Rollover crashes account for more than 33% of all motor vehicle related fatalities and have the highest fatality risk at 1.37% in the U.S. There is increased awareness of the high fatality rate associated with this crash type, but there is very limited pediatric-specific data related to rollover crashes in the United States. Previous studies based on data almost twenty years old have revealed that nearly ten percent of all children involved in motor vehicle crashes are in rollover crashes, with the risk of fatality and injury for children in rollovers being nearly twice that of non-rollover crashes. Recent focus on rollover mitigation has resulted in implementation of countermeasures, making it important to evaluate rollover risk for child occupants with a more current data set.
Thus, to provide a contemporary analysis of rollover crashes involving young people, we queried the National Automotive Sampling System’s Crashworthiness Data System (NASS-CDS) from 1998-2011. Rollover crashes for passenger vehicles of model year 1998 or newer with at least one restrained occupant between 0 and 19 years of age were included. Occupant frequency was examined with number of quarter turns, vehicle type, vehicle specific rollover event, rollover type and direction, airbag deployment and Electronic Stability Control availability. Further, occupant age, restraint type, seating position, occupant role, and proximity to the roll direction were analyzed. Univariate and multivariate logistic regression models of MAIS 2+ and MAIS 3+ injury were built to establish the relationship between the key factors and the injury outcomes.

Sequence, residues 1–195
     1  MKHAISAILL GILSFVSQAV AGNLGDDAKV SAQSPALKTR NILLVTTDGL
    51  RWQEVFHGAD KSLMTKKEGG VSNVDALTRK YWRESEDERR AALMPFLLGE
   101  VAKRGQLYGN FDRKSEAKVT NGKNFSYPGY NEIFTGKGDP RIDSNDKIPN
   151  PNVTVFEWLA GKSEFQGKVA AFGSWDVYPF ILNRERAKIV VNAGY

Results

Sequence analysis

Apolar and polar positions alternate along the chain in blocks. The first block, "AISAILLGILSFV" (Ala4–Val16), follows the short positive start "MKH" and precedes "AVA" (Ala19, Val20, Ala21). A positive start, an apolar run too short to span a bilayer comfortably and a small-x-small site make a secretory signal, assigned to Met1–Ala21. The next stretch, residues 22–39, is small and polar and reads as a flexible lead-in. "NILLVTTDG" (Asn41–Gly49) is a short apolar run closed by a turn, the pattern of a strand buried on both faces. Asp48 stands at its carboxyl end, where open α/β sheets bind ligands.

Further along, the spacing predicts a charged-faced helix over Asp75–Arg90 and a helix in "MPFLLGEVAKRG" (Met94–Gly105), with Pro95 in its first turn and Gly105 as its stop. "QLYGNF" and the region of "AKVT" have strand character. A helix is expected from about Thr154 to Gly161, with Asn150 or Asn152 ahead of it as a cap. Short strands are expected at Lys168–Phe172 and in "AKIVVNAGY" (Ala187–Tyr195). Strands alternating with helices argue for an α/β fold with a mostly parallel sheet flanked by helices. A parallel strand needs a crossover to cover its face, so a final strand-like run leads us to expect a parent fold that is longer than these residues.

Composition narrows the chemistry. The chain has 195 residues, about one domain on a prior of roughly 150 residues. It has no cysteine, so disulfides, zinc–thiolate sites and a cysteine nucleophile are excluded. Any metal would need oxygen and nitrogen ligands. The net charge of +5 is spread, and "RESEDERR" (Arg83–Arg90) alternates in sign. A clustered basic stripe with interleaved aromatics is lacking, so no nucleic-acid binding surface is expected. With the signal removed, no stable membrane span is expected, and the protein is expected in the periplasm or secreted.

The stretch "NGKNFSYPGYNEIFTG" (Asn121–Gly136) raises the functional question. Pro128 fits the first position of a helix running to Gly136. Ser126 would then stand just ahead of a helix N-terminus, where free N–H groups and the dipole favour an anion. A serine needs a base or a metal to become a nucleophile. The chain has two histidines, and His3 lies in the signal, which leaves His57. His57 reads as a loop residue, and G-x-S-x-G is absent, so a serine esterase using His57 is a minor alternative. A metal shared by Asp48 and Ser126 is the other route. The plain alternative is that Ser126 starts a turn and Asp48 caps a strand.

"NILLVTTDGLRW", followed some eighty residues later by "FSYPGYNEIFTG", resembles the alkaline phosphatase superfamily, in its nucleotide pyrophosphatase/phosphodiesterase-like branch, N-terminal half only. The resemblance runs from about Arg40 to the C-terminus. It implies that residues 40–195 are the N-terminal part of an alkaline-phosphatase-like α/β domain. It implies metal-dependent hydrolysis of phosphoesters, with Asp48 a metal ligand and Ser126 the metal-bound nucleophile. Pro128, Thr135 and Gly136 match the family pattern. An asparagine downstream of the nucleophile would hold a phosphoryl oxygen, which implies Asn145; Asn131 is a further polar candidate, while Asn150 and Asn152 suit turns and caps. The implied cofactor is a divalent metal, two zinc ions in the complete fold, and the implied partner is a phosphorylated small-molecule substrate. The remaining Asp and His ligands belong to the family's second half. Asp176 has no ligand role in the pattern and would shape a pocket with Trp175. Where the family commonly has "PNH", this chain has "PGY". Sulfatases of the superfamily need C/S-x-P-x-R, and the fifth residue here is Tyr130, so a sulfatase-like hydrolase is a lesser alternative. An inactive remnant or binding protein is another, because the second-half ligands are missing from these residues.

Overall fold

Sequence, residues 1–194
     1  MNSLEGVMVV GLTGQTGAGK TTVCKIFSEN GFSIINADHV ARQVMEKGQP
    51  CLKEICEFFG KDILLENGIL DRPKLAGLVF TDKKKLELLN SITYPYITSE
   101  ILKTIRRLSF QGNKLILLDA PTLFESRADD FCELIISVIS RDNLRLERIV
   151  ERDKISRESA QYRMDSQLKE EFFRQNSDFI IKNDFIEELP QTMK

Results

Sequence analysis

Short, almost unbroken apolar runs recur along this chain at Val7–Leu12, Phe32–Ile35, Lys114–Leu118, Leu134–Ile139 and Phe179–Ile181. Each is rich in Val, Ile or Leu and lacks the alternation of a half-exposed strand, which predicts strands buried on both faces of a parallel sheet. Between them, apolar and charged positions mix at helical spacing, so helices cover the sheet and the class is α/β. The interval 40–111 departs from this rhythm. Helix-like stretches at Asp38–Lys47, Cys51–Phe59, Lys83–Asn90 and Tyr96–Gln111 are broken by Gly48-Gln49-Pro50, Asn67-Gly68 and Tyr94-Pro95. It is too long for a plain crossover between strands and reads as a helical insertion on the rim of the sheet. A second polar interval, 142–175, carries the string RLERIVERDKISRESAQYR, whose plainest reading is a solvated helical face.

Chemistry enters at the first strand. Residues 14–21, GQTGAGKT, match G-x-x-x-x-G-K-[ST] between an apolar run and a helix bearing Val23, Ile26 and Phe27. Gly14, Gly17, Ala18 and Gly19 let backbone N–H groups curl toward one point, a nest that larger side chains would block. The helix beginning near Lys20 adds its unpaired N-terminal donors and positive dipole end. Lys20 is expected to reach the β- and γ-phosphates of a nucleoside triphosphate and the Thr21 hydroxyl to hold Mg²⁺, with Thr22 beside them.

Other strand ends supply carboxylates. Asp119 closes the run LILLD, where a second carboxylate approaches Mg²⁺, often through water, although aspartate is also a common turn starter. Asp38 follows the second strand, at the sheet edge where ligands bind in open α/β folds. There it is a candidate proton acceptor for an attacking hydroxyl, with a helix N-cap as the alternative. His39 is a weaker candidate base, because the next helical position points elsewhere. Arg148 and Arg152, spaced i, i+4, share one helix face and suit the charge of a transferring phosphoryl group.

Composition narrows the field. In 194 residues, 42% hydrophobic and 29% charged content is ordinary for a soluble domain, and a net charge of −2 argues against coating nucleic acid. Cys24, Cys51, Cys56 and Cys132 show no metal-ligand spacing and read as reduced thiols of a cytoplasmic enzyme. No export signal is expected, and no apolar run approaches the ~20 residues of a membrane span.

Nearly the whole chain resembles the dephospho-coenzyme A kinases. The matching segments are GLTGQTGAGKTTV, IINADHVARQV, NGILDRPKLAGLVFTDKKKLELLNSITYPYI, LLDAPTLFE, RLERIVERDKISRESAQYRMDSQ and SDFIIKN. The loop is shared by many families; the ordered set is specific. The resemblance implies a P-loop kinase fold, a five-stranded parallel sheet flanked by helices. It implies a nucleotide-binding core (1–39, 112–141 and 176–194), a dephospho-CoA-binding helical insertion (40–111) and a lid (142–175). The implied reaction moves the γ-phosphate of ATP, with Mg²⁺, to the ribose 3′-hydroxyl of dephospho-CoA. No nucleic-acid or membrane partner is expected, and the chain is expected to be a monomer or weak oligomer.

The study cohort consisted of 1560 occupants weighted to represent 515,470 occupants. Results indicate that children restrained in FFCRS or booster seats were less likely to sustain an MAIS 2+ injury than lap/shoulder restrained occupants in a rollover crash. The abdomen was the most commonly injured body region at the AIS 2+ level while the head was most common at the AIS 3+ level, followed by the thorax and spine (for weighted data). However, for unweighted data, the head was the most commonly injured body region followed by the spine at the AIS 2+ level while the head was most common at the AIS 3+ level, followed by the thorax and upper extremities. The variations between the weighted and unweighted distributions points out some of the challenges with conducting child-specific analyses with NASS-CDS, as some cases have extremely high sample weights. Averages of 2.8-quarter turns were associated with an MAIS 2+ injury. Because there were limited cases with rollover mitigation technologies (ESC and airbags), their protective benefits in rollover crashes could not be ascertained.